02.02 Generalized Anxiety Disorder

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So, in this lesson we’re going to talk about Generalized Anxiety Disorder, sometimes abbreviated GAD. We want to help you differentiate this from the anxiety we talked about in the last lesson.

This isn’t just the occasional anxiety, this is daily, unrealistic, excessive, uncontrollable, persistent anxiety. These people live their everyday lives, day in and day out, up here in the moderate to severe anxiety range. They absolutely cannot turn it off, they cannot release it, and it begins to manifest into physical symptoms. The other way we differentiate between GAD and anxiety is that with GAD there is a clinically significant impact on their daily functioning - it keeps them from being able to do normal daily tasks like going to the grocery store, or even getting out of bed. And for diagnostic purposes, there is no other way we can explain these thoughts and feelings they’re having.

So, like I said, GAD tends to manifest regularly into physical symptoms. They’ll have sleeping troubles - trouble falling asleep, trouble staying asleep. Think about the worst anxiety you’ve ever felt, let’s say before a test, or the night before a big game, or before your wedding - could you sleep? Didn’t you wake up throughout the night? Now, imagine feeling that way every single night. You can see how sleep becomes an issue, right? And of course - when you’re anxious and not sleeping - you’re going to be irritable and struggle to concentrate. There’s just too much on your mind. Then, this anxiety starts to manifest itself as muscle tension...Usually it can be in the head, neck, and shoulders, but I’ve actually been known to carry a lot of anxious tension in my lower back and hips, so it’s different for everyone. These patients are on edge all the time and may become hyper-focused on their physical symptoms. It’s hard for them to understand that the physical symptoms are only there because of the mental health issue - so their anxiety may get worse thinking that there’s something physically wrong with them.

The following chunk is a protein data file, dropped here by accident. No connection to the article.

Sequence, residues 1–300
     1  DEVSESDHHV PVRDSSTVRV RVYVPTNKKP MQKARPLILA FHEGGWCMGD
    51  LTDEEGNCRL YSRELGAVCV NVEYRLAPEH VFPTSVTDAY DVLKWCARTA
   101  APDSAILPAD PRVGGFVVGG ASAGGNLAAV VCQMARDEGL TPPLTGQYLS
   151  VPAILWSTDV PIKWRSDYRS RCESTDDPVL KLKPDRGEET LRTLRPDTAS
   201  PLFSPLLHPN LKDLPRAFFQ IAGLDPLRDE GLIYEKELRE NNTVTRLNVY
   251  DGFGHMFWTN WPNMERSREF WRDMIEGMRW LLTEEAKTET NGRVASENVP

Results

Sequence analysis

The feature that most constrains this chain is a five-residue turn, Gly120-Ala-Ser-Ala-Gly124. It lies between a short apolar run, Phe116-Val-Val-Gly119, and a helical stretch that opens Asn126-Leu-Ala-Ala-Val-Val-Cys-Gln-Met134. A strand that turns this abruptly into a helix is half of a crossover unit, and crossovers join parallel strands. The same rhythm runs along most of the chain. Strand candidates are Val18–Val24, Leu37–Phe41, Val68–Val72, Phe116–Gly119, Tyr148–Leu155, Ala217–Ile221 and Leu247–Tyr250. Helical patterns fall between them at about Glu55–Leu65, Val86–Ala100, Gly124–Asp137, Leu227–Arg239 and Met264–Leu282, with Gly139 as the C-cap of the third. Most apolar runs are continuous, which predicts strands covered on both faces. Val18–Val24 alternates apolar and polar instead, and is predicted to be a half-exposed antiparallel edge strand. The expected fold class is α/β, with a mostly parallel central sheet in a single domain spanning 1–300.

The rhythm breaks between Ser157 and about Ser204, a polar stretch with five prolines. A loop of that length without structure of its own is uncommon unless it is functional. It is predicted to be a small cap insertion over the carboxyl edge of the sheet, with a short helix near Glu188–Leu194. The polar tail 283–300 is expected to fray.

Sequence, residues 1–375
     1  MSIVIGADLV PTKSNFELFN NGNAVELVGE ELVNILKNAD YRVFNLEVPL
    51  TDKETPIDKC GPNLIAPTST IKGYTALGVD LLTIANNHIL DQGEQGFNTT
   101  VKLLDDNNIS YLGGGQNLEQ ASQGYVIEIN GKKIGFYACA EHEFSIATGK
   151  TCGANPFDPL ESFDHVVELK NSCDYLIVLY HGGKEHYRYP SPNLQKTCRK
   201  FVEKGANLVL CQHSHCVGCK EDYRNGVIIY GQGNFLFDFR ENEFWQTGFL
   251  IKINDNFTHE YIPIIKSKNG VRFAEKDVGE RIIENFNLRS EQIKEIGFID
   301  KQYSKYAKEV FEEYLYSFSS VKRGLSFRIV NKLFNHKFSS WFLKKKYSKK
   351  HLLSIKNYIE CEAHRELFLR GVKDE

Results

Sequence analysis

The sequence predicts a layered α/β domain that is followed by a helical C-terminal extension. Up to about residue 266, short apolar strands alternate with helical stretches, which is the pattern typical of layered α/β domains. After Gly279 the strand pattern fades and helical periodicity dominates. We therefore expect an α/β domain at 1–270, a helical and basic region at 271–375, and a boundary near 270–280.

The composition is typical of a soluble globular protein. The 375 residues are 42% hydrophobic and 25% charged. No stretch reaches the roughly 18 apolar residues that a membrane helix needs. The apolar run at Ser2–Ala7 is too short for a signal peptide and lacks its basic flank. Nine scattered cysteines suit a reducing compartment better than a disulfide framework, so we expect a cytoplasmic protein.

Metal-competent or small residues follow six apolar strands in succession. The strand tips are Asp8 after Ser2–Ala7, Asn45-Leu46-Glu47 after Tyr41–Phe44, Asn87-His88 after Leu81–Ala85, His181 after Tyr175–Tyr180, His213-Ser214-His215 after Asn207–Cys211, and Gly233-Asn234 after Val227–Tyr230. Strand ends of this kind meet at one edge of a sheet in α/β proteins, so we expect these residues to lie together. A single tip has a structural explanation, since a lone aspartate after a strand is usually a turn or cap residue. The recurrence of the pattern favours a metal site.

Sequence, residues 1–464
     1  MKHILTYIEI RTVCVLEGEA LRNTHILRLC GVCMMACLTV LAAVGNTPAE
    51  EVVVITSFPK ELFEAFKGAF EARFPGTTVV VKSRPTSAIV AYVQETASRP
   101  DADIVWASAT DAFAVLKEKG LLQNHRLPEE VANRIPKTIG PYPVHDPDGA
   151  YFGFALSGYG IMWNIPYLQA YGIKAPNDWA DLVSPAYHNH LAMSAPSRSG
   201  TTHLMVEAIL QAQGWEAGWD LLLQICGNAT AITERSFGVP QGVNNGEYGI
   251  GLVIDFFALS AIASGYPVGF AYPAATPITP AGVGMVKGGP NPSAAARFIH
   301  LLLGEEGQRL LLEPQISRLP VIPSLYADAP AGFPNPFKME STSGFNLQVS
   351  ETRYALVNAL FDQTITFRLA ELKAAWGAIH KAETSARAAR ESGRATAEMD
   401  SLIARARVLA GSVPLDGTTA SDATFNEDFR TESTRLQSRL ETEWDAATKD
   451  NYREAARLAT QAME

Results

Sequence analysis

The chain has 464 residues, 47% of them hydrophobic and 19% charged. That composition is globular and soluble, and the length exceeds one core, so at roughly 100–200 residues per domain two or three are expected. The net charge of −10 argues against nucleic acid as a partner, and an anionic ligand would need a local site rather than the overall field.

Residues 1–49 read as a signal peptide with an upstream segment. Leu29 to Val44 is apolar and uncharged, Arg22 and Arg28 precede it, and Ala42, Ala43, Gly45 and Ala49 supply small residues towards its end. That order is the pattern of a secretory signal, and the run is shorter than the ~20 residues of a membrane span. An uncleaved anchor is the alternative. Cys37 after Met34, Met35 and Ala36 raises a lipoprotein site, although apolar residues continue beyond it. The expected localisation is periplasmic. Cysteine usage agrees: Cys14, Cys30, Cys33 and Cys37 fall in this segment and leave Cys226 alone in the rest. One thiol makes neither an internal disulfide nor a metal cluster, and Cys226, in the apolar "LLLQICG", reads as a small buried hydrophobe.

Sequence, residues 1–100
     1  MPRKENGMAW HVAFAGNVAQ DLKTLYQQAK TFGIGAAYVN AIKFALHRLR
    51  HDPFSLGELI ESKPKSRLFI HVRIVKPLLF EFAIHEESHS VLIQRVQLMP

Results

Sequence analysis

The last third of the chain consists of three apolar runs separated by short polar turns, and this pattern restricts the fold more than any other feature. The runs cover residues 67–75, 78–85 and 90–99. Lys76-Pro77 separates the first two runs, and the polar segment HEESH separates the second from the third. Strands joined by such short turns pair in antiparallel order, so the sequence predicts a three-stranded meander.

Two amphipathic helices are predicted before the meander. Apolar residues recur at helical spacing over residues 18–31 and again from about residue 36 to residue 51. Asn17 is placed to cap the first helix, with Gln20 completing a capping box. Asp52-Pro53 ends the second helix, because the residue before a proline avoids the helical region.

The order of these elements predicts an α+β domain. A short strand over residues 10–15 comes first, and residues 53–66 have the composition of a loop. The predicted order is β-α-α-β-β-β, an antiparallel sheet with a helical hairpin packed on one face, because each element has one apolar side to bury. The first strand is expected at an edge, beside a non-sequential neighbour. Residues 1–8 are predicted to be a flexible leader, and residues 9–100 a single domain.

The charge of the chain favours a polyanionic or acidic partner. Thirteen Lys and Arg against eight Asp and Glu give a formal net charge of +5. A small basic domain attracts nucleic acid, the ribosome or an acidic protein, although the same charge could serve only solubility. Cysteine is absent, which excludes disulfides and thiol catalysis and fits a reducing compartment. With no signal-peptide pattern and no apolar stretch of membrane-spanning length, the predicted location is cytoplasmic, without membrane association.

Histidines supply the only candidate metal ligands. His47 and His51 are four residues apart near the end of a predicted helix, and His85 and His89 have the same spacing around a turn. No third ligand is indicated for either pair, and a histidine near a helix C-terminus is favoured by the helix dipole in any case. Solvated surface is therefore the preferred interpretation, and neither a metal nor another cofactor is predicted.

So, when someone starts to spiral into panic mode, we want to make sure we address the anxiety first - what’s causing it, how can we help them calm down - and then look at addressing the physical symptoms. Think about it this way - if I’m in so much pain that I’m nauseated...you can give me medication for the nausea, but it’s going to just keep coming back, right? BUT - if you address my pain, chances are the nausea will be taken care of as well, right? Or how about someone who has a bad headache because their blood pressure is too high? Get that blood pressure down and their headache will probably go away. So, we do want to deal with the anxiety first. We can help them identify what triggered the panic attack, help reorient them to reality. We also want to try to help them restructure any disorganized thinking and bring some rational thought back. Remember we talked in the last lesson that during a panic attack, the patient loses their ability for rational thought - so we can help do that for them. Okay? So address the anxiety first, possibly even with medication, and then worry about the physical symptoms.

When it comes to nursing priority concepts, safety will always be first. We want to protect them from hurting themselves or others and make sure they’re in a calm, safe environment. We help them identify their triggers and provide them with resources on what to do if their symptoms return or how to have a plan when they’re spiraling up to the panic level. And then we want to monitor their mood and affect, especially to look for any risks of self-harm.

So let’s recap quickly. Generalized Anxiety Disorder is a persistent, daily, excessive anxiety that is pervasive and impacts their daily life. It usually manifests in physical symptoms like muscle tension and trouble sleeping. We want to help reorient and rationalize and disorganized thoughts while we address the anxiety before the physical symptoms. And we always put safety as our number one priority.

So that’s it for Generalized Anxiety Disorder - make sure you check out the care plan and patient story attached to this lesson to learn more and to see this condition from multiple angles. We love you guys. Go out and be your best selves today. And, as always, happy nursing!
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